"Frosten skinner på gresset."

Translation:The frost is shining on the grass.

April 1, 2016

This discussion is locked.


Finnes det et bedre ord for "glimmering" i stedet for "shining"?


skinner = is shining
glimrer = is glimmering
glitrer = is glittering

Cognates, ahoy!

"Glimrende" is often used to describe something that's outstandingly good, much like brilliant is in English: en glimrende forestilling/bok/lærer, etc.

It's also used in the expression "å glimre med sitt fravær", which is a somewhat sarcastic yet not necessarily mean way of pointing out someone's absence from a setting where they would have been expected to make an appearance: "Han glimret med sitt fravær på gårsdagens stabsmøte."


Tusen takk! Very helpful! Interestingly, I couldn't find "stabsmøte" in my dictionary, but I presume it means "staff meeting". Is this a newer word?


Bare hyggelig!

That's indeed what it means. The vast majority of compound words never make it into the dictionary, so you'll often have to look up their different elements instead.

Honestly, we just make them up as we go! ;)


I just heard the word kaffetørst for the first time yesterday and I was amazed. This needs to be a word in every language! Best word ever!!! :)


Haha, yes, that's a good one!

Jeg er faktisk litt kaffetørst akkurat nå. ;)


It baffles me when so many native English speakers cannot form new and interesting compounds in their own language, especially when they're simultaneously posting vacuous Buzzfeed links about 'mindblowing' compounds in other languages.


So pretty much what I do daily. Got it!


From an English standpoint, this is a strange way to translate this from Norwegian...I'd even say it is incorrect. It is not a typical way to describe frost in English. It should be "The frosty grass sparkled"


The English sentence we set as the default translation, is also the one that will be used for the reverse exercises (Eng - No). If we were to put your suggestion as the default translation, nobody would be able to arrive at the correct Norwegian translation in the reverse exercise.

When we use more literal English translations than you would perhaps prefer, it really is done for your benefit; It helps you produce a natural Norwegian sentence in the reverse exercise, and makes it easier for you to decipher the syntax in the forward exercise.

If we have to compromise a little on the English side in order to teach you natural Norwegian in a Norwegian course, that's something we'll gladly do. :)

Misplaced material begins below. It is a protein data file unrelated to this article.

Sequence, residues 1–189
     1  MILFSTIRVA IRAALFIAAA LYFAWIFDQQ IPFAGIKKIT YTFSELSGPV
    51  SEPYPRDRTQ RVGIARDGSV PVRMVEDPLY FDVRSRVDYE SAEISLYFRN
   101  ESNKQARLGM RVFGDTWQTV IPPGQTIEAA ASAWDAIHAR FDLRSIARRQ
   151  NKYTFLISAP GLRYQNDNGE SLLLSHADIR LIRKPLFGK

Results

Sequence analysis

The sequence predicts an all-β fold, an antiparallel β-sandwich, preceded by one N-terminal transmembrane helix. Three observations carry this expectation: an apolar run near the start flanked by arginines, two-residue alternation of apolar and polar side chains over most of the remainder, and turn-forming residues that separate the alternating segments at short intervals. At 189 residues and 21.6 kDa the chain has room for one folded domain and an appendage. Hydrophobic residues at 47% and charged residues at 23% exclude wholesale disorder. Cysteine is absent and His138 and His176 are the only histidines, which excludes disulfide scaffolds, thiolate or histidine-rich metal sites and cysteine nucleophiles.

PS: The Norwegian sentence is in the present tense.


Thank you!! This is a really helpful comment, I had no idea it works like this. I've been wondering why the English translation is sometimes a bit unusual - while other times it's spot on. Tusen takk for forklåre :-)


Bare hyggelig!

Nobody would expect you to know the ins and outs of the Incubator, but knowing a few things like the above can really help you get the most out of the course - and to understand the parameters we're working within.

*forklaringen/at du forklarte


And it helps people like me to be less nitpicky :-) Og takk at du forklarte ;-)


Your words, not mine, but yes; we take quite a bit of flak for things we either cannot change or have very good reasons not to.

And as for leaving out "for" ... trust me, I've seen worse. ;)


Darn it and after you've explained it so nicely above, I'm still getting it wrong and leave out the "for". I think I might not forget about this one ever again ;-)


No more flak from me :-) I have to say though, you've handled it very graciously.


Takk! Og god natt fra meg.


That is exactly why I was just checking out the discussions. I was wondering whether anybody else was not completely happy with the translation whether I'm just too picky ;-)


ahh, I can't wait for winter <3


Audio: You shall not pronounce the verb "skinner" like the noun "skinner" like it is done here! Here the stress must be on the first syllable, in the noun you put the stress on the last! The noun means trails, like the ones the trains drives on, so if you put the stress wrongly on "skinner" the sentence becomes realy weird....

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